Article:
GHG Emissions

2020 Inventory by Sector

The City tracks and reports on its sources of GHG emissions by developing a GHG inventory. The City's first inventory was for year 2008, and has been updated regularly since 2014. In the absence of 1990 emissions data by sector, the 2008 emissions are referenced throughout this Scoreboard. In 2020, communitywide GHG emissions totaled 564,827 metric tons of carbon dioxide equivalent (MTCO2e). Knowing where the biggest sources of GHGs are helps us to prioritize actions around the biggest opportunities for reductions. Transportation emissions arise from fossil fuel-powered vehicles on city streets. Commercial and Residential Gas emissions come from heating buildings and water using natural gas. Emissions from Natural Gas use make up more than a quarter of our overall emissions. We can anticipate the emissions in these sectors to remain high until we transition those activities to run on clean electricity and improve alternative means of travel within the city.

GHG Emissions

Progress Toward Targets

Sunnyvale has demonstrated excellent progress since we began our commitment to do our part in eliminating greenhouse gases. To reach the final goal of 80% reduction below 1990 levels by 2050 (equivalent to carbon neutrality), the City recognized that it was essential to exceed the State's 2030 target of reducing emissions by 40% below 1990 levels. Thus, the City established an interim target of reducing emissions by 56% below 1990 levels by 2030.  Reducing emissions sooner will not only be more beneficial to a stable climate, but it will position Sunnyvale to make deeper cuts over the 2030 - 2050 time horizon.

In 2020, we achieved a 44% reduction in emissions from 1990 levels. This is an additional 18% decrease from 2019 emission levels. However, 2020 was an unusual year because the countywide shelter in place order during the COVID-19 pandemic reduced economic and social activity in Sunnyvale. The shelter in place order resulted in dramatically fewer daily commutes and less natural gas use in commercial buildings. While it is unclear that these reductions in emissions will persist, we can learn from this experience.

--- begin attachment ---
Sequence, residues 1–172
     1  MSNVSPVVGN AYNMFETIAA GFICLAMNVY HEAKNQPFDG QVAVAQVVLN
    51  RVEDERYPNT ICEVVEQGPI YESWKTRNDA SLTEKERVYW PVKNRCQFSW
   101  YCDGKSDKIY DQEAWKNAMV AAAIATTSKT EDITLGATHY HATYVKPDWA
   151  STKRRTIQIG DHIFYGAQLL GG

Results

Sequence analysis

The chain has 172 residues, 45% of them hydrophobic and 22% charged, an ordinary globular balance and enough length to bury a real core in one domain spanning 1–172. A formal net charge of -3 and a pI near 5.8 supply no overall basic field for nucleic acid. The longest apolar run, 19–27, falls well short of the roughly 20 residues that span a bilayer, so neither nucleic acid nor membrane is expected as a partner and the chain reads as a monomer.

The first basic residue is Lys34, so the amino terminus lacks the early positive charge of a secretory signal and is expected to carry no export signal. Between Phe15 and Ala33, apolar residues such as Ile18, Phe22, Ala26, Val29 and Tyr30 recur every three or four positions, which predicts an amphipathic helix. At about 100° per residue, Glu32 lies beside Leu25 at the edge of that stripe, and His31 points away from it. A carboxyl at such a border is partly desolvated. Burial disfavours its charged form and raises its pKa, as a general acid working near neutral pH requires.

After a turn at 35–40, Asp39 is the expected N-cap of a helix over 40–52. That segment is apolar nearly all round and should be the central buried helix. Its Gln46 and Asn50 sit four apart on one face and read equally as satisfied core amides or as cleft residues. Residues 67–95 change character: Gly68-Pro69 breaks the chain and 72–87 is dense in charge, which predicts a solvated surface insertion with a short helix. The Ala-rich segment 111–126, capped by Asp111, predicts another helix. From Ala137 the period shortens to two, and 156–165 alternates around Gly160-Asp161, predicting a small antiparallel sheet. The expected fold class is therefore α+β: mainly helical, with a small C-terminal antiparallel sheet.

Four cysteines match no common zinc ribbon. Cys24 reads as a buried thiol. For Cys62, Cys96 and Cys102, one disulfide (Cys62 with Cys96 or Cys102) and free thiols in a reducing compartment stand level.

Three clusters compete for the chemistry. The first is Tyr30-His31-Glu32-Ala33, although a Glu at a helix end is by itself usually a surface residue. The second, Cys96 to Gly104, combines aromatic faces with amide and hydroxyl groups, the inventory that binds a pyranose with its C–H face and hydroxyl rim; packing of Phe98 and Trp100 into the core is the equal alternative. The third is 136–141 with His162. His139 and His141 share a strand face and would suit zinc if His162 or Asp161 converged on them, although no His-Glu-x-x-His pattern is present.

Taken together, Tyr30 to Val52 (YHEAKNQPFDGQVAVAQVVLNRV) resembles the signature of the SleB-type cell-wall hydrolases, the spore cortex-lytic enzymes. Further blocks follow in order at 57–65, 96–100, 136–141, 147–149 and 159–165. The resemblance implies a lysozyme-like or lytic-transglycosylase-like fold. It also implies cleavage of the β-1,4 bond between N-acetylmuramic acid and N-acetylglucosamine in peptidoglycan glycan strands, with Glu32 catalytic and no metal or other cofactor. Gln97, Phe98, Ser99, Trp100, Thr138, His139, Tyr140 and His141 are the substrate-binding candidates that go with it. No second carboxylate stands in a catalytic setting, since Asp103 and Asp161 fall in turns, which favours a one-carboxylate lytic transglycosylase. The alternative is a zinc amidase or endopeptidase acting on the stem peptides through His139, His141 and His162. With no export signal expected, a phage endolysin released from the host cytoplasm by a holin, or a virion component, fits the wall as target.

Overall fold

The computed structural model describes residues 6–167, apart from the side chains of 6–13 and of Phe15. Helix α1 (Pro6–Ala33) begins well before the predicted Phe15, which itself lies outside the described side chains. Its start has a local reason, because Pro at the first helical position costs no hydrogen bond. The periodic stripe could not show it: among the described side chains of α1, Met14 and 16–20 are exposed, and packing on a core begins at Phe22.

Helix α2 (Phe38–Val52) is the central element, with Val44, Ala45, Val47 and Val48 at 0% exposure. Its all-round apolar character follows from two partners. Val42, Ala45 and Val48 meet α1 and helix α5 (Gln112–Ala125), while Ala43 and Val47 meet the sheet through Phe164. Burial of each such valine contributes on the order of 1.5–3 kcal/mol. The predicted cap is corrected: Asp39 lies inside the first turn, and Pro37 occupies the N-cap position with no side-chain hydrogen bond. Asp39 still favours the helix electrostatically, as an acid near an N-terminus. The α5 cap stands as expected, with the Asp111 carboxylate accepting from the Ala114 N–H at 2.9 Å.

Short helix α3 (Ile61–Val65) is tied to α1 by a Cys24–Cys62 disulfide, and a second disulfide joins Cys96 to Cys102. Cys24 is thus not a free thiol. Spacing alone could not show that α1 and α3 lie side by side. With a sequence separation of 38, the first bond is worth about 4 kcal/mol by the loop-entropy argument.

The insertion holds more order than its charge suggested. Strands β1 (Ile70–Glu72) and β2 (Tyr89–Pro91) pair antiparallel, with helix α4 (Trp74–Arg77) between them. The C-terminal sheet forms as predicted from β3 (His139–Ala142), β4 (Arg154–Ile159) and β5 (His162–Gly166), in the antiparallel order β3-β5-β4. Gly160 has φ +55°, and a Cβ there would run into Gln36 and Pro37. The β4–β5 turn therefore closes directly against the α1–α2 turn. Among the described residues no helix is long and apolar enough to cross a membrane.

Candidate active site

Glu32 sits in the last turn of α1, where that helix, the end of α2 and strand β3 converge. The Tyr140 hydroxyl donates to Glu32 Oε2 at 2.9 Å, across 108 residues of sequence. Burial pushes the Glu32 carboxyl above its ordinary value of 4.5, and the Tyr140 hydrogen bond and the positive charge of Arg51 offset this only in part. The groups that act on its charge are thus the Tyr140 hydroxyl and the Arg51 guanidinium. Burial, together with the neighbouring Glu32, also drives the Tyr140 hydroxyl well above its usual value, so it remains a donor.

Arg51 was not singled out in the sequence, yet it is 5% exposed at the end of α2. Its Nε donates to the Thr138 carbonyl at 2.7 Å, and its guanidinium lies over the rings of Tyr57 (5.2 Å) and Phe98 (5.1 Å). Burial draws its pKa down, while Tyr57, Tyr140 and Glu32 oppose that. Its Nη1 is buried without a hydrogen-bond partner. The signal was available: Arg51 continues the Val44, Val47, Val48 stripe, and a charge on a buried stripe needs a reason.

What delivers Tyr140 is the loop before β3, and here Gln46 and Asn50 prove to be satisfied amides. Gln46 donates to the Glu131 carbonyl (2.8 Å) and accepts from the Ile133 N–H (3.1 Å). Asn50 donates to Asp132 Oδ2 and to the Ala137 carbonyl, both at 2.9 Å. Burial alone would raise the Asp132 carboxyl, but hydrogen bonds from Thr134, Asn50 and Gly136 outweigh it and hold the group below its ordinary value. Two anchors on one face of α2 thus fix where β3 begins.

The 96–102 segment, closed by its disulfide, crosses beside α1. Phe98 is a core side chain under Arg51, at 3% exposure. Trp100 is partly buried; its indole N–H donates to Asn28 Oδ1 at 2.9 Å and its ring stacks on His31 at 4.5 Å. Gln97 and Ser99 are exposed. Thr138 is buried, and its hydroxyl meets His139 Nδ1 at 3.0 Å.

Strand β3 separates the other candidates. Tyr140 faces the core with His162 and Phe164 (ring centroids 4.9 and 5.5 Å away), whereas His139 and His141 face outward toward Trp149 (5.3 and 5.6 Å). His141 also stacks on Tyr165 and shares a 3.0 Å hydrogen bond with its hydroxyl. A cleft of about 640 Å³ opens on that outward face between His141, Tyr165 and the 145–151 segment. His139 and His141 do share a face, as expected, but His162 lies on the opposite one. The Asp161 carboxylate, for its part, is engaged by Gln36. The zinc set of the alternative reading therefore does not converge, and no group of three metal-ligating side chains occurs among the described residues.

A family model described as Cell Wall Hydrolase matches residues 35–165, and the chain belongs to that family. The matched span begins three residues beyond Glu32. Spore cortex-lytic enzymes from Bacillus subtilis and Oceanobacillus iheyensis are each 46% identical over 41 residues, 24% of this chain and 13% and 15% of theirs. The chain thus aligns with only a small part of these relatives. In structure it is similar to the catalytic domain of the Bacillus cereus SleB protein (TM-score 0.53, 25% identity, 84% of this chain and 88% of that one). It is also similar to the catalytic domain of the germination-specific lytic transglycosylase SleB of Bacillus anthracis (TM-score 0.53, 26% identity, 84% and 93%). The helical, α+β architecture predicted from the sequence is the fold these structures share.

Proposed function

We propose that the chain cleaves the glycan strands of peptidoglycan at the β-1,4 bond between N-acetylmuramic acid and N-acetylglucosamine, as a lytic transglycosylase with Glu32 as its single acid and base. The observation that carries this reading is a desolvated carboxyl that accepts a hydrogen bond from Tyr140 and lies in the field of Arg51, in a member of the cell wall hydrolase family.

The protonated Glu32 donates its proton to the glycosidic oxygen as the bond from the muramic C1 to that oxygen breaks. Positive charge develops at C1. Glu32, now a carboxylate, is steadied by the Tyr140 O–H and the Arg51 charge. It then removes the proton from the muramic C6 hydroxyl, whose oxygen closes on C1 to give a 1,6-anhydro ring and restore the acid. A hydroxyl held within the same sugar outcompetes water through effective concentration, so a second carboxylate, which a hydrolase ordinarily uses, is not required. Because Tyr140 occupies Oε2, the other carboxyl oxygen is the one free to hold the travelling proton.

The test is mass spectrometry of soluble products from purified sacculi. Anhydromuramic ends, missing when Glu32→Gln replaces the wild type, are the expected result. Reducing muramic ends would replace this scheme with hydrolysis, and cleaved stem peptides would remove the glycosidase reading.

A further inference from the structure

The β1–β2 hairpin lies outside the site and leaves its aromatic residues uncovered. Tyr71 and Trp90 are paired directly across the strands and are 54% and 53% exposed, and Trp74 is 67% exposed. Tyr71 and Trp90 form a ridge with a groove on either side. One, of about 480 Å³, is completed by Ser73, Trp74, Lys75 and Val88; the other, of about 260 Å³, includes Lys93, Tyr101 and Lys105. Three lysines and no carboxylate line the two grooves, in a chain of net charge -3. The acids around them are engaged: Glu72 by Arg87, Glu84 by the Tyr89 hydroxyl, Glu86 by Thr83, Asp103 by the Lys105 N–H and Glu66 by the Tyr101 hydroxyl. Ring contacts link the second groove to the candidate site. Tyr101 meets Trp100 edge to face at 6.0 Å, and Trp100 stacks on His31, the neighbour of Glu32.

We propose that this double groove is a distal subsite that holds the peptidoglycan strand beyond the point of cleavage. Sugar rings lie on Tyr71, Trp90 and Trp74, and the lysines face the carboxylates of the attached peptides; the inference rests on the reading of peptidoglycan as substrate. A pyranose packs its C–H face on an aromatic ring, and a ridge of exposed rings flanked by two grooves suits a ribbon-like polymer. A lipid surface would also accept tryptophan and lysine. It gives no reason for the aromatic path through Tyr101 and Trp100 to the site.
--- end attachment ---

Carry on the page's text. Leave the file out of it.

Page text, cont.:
Biggest Drivers

Due to the COVID-19 pandemic and the resulting shelter in place orders, emissions in 2020 went down 24% from 2019. This can be attributed to the following drivers:

- Electricity: Since 2017, Sunnyvale’s electricity emissions declined due to receiving carbon-free electricity from Silicon Valley Clean Energy (SVCE). However, some of our residents and businesses still receive their electricity from PG&E. In 2020, PG&E reported their electricity was carbon-free. This resulted in electricity emissions dropping to nearly zero. 

- Off-road: The shelter in place order also impacted construction activity in Sunnyvale in 2020. There were not as many new housing units developed due to impacts on resource and material cost and availability. This resulted in a 40% drop in emissions associated with the off-road sector.

- Transportation: After accounting for reduced travel patterns during the shelter in place order, the vehicle miles traveled (VMT) and associated emissions from driving decreased by 29%. This reduction in VMT was the biggest driver of the emissions decrease from 2019 levels.

- Natural Gas: The shelter in place order resulted in the shutdown of most office buildings, shopping centers, restaurants, and other commercial businesses. Accordingly, we saw a 7% decrease in the amount of natural gas used in commercial buildings.

In our first Climate Action Plan, we developed different scenarios for emissions starting in 2014. This included a business-as-usual (BAU) projection that simply grew emissions in line with future development. We also looked at where state level policies alone would get us.

To these scenarios we added the anticipated impact of our CAP 1.0 policies, which only take us part of the way to our targets before growth causes them to rise again. The policies and actions in this Playbook are designed to create deep cuts in line with our long term targets.

Over the next 30 years we will continue to refine our actions and plan for what is necessary to keep on the pathway to at least 80% reductions by 2050.